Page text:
Yesterday I received an email with “computer nerd” in the subject line. It was from a good friend and fellow blog author, who incidentally is also a minister.
Namecalling is hardly an attribute I would ascribe to the open, collaborative venue that is the read/write web, nor, for that matter, is it a behavior I would associate with someone whose sworn mission in life is Christian outreach. But I digress. . . .
Within my friend’s email was this question: Can you tell me how to track my readership, who follows my blog through an RSS feed?
A true “nerd” would have known the answer; I did not. What is totally cool and decidedly un-nerdy is I sort of had an idea how to find the answer. (Just a few months ago I wouldn’t have had a clue what she was talking about.)
For privacy reasons, I am not sure you can ever really know exactly who is lurking on your blog. I recently read somewhere that “really simple syndication” got its name because it’s easy and unintrusive — you shouldn’t have to forsake personally identifiable information just to tune into someone’s blog.
Anyone reading this post who can speak knowledgeably on the issue of blogs and privacy, please chime in!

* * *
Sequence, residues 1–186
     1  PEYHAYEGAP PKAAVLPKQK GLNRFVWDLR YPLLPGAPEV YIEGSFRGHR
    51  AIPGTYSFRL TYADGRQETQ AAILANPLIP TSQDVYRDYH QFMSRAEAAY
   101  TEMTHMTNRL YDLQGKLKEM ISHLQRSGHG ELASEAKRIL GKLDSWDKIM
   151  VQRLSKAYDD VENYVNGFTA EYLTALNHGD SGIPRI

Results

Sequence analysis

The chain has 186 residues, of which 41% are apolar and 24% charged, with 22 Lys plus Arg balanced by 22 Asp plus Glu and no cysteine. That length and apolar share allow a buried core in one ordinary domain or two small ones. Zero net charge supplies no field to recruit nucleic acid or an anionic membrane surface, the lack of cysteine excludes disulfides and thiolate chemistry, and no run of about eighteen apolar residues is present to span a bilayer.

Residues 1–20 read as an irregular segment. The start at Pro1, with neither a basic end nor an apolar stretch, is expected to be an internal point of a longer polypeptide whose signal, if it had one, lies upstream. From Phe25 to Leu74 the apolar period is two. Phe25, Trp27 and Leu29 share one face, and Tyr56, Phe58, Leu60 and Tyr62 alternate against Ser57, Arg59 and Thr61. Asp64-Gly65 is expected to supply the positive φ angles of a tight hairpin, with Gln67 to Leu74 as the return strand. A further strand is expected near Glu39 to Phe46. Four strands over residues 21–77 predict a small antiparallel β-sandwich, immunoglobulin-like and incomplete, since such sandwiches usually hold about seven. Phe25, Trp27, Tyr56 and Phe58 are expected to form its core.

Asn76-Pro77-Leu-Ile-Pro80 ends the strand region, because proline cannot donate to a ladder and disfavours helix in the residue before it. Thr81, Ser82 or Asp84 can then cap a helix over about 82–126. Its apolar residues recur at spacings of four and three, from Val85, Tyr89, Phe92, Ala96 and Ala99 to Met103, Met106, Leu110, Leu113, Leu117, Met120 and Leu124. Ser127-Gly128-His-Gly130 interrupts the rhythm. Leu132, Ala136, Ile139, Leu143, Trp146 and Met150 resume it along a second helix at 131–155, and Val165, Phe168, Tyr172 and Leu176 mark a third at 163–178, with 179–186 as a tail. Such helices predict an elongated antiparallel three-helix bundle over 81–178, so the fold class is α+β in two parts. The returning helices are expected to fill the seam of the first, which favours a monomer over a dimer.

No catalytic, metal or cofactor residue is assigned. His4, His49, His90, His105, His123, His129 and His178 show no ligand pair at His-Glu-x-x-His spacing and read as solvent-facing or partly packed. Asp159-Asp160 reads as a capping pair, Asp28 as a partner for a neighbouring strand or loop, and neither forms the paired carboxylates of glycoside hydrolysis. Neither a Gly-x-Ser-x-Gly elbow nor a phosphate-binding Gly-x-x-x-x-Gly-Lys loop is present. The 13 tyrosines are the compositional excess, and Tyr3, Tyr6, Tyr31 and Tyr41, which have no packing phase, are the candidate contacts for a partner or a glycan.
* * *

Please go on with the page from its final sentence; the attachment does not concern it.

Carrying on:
My advice to my friend is to check out these free services: MyBlogLog, Technorati, and FeedBurner. Membership with these sites is free and once you’ve registered your blog with them, you can start receiving almost instantaneous data on your blog traffic.
MyBlogLog provides a cool widget that allows you to see who is visiting your page, but it only works with visitors who are themselves registered with the MyBlogLog community.
Technorati is a giant blog search engine and a good way to build traffic on your blog if you tag and ping. I don’t believe you can track RSS subscribers with it, but once you claim your blog on Technorati, you will know who is linking to your pages. Technorati tracks links and uses them to assign authority ratings and ranks. I currently have an authority of 3 and am ranked 1,803,855, thankyouverymuch!
FeedBurner is a quick registration process, but it takes a while for the service to generate data about your blog. (On the Internet, “a while” means more than one hour.) Once FeedBurner is done doing its thing, you log in, click the “analyze” tab, and see feed stats. I currently don’t have any subscribers, so I can’t tell you what these stats look like. Of course, that can all change if you click on the handy little widget I just installed to the left. Do it now! You know you want to. . . .